Polish People Are Role Playing as Americans Celebrating the 4th of July

Polish People Dressing as Americans

Photo: Piotr Müller

How do people from other countries view Americans? While it varies from person to person, one group is giving us a good idea of American vibes. A group in Poland called 4th of July LARP (LARP is short for live-action role-playing) dresses as Americans and acts out various scenarios that they imagine happening in the U.S. during the summer holiday.

The experiences of Americans are vast, but 4th of July LARP has an overarching theme that informs how they dress and behave. “LARP 4th of July is a drama about the wasted American dream,” the group writes on Facebook. “It is a story about hope, about a small homeland, about finding one's place in the community.”

Expanding on the idea, they speak to wealth inequality as a driving force behind their costuming and acting. “More than 200 years later, many Americans are living under different conditions than the nation’s founding fathers imagined. Barely making ends meet, they strive to be family members and worthy Americans, despite poverty and exclusion. Though they live on the margins of society, their home—a small town cluttered with caravans and windswept cabins—is for them the essence of ‘the land of the free and the home of the brave.’”

The Polish folks cosplaying as Americans don the patriotic trappings of being in the U.S. They wear American flag shirts and hats while decorating their homes with flags. (It is the 4th of July, after all!) Even if there aren’t flags visible, the color palette of red, white, and blue is consistent throughout the images. But, that’s not all. The LARPers are dressed in tank tops and plenty of plaids all while kicking back with some Kentucky Fried Chicken and cold beverages.

According to comments made on the group’s Facebook page, Americans think that 4th of July LARP more or less has it right. “You’re getting there with the flags.” One person wrote. “Only another couple thousand,” they say, ending their comment with a couple of laughing emojis.

A group in Poland called 4th of July LARP (LARP is short for live-action role-playing) dresses as Americans and acts out various scenarios that they imagine happening in the U.S. during the holiday.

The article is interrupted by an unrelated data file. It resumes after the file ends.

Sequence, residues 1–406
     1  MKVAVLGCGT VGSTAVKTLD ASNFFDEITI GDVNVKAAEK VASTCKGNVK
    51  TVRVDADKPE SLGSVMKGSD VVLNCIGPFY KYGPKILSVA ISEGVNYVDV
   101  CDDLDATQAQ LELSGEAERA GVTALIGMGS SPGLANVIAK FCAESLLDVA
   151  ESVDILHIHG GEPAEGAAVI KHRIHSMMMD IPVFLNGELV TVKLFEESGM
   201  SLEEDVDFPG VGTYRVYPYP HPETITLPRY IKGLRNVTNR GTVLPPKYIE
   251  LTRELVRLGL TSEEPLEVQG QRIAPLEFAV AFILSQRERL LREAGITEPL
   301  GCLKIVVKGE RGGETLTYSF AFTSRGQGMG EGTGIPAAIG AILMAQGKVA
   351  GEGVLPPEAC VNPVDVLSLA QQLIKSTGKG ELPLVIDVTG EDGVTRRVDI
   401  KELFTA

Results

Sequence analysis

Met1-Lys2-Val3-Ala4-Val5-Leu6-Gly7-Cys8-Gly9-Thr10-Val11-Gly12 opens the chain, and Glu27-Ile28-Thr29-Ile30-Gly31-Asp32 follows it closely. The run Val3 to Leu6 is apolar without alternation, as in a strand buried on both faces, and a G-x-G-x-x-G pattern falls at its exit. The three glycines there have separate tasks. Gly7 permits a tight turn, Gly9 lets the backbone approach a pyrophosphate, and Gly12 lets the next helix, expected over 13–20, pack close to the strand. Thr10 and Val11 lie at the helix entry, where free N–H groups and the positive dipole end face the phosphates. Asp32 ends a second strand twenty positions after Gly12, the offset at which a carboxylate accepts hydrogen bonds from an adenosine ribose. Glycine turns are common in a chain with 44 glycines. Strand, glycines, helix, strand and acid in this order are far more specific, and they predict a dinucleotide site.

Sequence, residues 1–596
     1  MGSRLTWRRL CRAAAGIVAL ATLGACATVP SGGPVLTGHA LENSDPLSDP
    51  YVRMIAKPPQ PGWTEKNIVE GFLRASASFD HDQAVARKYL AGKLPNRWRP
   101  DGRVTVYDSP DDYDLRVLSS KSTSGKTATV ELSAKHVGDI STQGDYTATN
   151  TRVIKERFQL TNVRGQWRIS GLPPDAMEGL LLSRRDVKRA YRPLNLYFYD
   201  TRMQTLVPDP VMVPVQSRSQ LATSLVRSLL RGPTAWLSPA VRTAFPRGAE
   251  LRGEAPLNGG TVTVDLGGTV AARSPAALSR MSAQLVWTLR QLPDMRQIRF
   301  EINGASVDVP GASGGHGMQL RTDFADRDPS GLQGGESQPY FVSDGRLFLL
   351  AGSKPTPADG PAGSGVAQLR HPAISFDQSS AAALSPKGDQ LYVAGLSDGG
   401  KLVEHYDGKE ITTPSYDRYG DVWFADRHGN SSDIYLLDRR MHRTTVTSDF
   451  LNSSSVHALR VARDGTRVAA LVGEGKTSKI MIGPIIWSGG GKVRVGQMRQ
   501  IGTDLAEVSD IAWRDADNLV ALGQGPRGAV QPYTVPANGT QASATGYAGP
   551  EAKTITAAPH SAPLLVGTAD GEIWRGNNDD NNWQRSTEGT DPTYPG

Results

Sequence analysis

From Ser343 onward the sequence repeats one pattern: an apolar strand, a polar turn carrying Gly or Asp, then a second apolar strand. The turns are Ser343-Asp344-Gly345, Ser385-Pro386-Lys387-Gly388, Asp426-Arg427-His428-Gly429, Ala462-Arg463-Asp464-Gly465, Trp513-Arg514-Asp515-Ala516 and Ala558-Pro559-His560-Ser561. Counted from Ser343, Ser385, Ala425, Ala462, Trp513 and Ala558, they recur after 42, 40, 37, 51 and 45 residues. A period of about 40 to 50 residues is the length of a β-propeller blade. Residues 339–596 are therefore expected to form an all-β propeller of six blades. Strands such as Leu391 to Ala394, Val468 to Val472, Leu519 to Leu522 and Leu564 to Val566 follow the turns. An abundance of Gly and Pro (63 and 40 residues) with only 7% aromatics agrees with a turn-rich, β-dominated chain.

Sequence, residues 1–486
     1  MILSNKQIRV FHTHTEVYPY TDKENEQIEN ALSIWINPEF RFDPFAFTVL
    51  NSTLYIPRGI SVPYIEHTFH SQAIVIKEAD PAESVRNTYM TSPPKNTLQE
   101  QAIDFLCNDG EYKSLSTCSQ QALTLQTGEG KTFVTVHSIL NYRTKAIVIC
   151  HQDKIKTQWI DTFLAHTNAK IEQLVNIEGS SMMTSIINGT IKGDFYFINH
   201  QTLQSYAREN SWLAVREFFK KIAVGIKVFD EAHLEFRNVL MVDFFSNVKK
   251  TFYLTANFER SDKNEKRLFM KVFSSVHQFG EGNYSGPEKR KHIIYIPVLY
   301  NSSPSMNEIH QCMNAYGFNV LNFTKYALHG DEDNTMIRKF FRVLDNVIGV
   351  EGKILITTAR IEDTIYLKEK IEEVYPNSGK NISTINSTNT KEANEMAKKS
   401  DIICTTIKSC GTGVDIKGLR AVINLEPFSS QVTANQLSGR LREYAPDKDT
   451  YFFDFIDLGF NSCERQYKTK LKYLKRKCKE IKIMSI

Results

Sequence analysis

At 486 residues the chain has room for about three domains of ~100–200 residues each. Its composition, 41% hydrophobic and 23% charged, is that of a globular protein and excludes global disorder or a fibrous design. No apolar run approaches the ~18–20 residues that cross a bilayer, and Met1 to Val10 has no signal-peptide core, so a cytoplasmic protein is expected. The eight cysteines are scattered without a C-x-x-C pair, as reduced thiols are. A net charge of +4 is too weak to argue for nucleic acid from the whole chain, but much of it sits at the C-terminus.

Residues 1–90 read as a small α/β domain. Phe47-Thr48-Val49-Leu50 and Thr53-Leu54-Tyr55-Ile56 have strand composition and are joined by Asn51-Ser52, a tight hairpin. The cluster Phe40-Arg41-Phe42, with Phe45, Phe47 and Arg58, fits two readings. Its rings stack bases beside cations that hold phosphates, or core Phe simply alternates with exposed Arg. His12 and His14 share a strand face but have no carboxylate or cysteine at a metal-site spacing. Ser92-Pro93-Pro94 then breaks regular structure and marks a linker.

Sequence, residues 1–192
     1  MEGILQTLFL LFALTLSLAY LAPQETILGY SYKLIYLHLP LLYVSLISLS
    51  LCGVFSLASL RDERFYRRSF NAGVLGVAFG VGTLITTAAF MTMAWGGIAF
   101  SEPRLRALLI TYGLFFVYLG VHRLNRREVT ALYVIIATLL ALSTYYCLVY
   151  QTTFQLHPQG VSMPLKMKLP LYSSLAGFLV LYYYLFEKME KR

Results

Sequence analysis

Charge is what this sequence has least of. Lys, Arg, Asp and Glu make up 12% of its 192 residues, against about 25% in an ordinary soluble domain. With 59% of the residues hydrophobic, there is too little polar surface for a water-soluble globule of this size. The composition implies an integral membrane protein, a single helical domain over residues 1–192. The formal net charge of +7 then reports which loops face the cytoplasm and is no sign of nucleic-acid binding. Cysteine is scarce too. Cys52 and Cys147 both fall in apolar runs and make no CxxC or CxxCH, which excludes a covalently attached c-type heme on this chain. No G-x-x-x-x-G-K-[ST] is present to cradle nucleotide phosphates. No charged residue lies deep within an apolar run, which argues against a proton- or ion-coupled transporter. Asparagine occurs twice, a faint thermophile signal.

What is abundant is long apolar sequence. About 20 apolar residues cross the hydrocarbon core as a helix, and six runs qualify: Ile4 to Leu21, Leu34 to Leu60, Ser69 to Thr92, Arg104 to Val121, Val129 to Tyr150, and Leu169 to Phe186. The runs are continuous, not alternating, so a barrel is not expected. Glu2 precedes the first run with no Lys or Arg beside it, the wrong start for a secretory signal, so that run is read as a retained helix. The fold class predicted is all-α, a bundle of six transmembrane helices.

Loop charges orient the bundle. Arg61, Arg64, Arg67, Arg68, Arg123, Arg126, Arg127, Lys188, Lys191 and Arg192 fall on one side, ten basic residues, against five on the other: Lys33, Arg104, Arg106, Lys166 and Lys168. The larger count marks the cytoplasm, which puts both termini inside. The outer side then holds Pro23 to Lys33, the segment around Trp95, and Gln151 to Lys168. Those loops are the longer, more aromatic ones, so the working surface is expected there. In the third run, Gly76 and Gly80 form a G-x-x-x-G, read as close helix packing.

Polish People Dressing as Americans

Photo: Piotr Müller

4th of July LARPing

Photo: Klaudia Zdanowska

Polish People Dressing as Americans

Photo: Piotr Müller

Polish People Dressing as Americans

Photo: Piotr Müller

The experiences of Americans are vast, but 4th of July LARP has an overarching theme that informs how they dress and behave.

Polish People Dressing as Americans

Photo: Maciej Margielski

Polish People Dressing as Americans

Photo: Klaudia Toruń

4th of July LARPing

Photo: Maciej Margielski

Polish People Dressing as Americans

Photo: Maciej Margielski

“LARP 4th of July is a drama about the wasted American dream,” the group writes on Facebook. “It is a story about hope, about a small homeland, about finding one's place in the community.”

Polish People Dressing as Americans

Photo: Maciej Margielski

Polish People Dressing as Americans

Photo: Maciej Margielski

Polish People Dressing as Americans

Photo: Piotr Müller

Polish People Dressing as Americans

Photo: Piotr Müller

Polish People Dressing as Americans

Photo: Piotr Müller

The Polish folks cosplaying as Americans don the patriotic trappings of being in the US with hats, t-shirts, and plenty of flags.

Polish People Dressing as Americans

Photo: Klaudia Toruń

Polish People Dressing as Americans

Photo: Piotr Müller

So, what do Americans think of 4th of July LARP? Many think that the group is spot on with their dress and set design.

Polish People Dressing as Americans

Photo: Maciej Margielski

Polish People Dressing as Americans

Photo: Klaudia Toruń

Polish People Dressing as Americans

Photo: Piotr Müller

4th of July LARP: Facebook

My Modern Met granted permission to feature photos by 4th of July LARP.

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Sara Barnes

Sara Barnes is a Staff Editor at My Modern Met, Manager of My Modern Met Store, and co-host of the My Modern Met Top Artist Podcast. As an illustrator and writer living in Seattle, she chronicles illustration, embroidery, and beyond through her blog Brown Paper Bag and Instagram @brwnpaperbag. She wrote a book about embroidery artist Sarah K. Benning titled 'Embroidered Life' that was published by Chronicle Books in 2019. Sara is a graduate of the Maryland Institute College of Art. She earned her BFA in Illustration in 2008 and MFA in Illustration Practice in 2013.
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